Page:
This wasn’t something that I consciously knew, maybe deep down we all tend to know these types of things, but something I discovered while undertaking a new photography project in San Miguel de Allende.
There are many, many ideas to photograph in San Miguel. Doors are a very common theme, I did one last year and one I am continuing this year. I was looking for something different and with the almost constant blue skies and bright sun, even stronger at 6,800 feet, most people if not all the gringos wear hats.
Everyday I walk around photographing almost anything and everything. Great fun and focusing on Hats gave me a new challenge.
I am reserved when it comes to photographing people out and about on the street. I feel reluctant to invade their privacy but deep down I love how people relate and engage the city streets. Here in Mexico, being such a tourist destination, the locals are even more wary of being photographed and many times hide there face or just look away. If a person is not comfortable with their photo being taken I won't take it.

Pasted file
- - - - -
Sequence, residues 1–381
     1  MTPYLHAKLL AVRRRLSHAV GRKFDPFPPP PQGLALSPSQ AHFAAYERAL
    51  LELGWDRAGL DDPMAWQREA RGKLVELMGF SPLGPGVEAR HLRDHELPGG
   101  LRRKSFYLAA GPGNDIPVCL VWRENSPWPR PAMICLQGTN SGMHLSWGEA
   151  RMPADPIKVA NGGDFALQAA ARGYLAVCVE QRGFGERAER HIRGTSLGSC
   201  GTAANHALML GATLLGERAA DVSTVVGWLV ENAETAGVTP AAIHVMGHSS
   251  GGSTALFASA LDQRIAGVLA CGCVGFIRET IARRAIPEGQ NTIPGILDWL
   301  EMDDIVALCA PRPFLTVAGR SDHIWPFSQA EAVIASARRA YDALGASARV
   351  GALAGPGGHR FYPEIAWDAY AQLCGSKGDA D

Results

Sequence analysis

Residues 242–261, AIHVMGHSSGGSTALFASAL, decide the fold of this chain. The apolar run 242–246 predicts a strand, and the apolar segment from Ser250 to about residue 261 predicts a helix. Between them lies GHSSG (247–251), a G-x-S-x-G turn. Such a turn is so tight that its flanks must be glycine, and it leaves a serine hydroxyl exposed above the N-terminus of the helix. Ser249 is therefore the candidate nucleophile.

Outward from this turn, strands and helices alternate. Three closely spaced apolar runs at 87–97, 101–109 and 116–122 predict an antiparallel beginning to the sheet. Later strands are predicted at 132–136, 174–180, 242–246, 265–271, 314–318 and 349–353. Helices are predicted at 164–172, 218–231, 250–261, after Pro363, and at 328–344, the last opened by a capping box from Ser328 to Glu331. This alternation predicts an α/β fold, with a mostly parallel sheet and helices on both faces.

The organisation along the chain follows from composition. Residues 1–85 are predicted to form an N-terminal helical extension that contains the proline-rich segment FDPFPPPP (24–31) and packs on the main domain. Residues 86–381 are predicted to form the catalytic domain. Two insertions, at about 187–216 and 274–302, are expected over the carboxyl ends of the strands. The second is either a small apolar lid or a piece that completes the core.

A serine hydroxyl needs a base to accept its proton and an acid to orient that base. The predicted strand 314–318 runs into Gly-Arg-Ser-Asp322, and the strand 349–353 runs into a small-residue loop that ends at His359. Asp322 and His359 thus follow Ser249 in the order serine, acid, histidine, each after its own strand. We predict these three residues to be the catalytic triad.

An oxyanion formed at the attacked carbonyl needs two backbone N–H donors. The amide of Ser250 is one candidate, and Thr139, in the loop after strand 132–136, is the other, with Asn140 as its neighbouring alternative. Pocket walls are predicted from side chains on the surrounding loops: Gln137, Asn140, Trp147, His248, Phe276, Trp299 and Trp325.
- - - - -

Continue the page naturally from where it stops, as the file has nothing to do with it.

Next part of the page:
A different type of sun covering
When I photographed street people I tended to hesitate too long (should I or not) with taking the shot and the impromptu moment was lost as they tended to now be aware of the camera.
This man is not praying but doing close-up photography of the cactus
I found out after the fact that when I was just focusing on people's hats I tended to think less of the person and more on the object of the hat. This allowed me to be quicker with the decision to shoot and also it allowed me to shoot more often.
Who wouldn't love this big Mexican hat
Because I was focusing on an object it even allowed me to approach people and ask then if I could photograph them with their hat as this was a project of mine. I think people felt more comfortable in letting me photograph them because I wasn't really just photographing them. It was an inanimate object and somehow that was OK.
A hatted man with lots of hats
I suggest you give yourself a try at this project and see if you don't now photograph more people.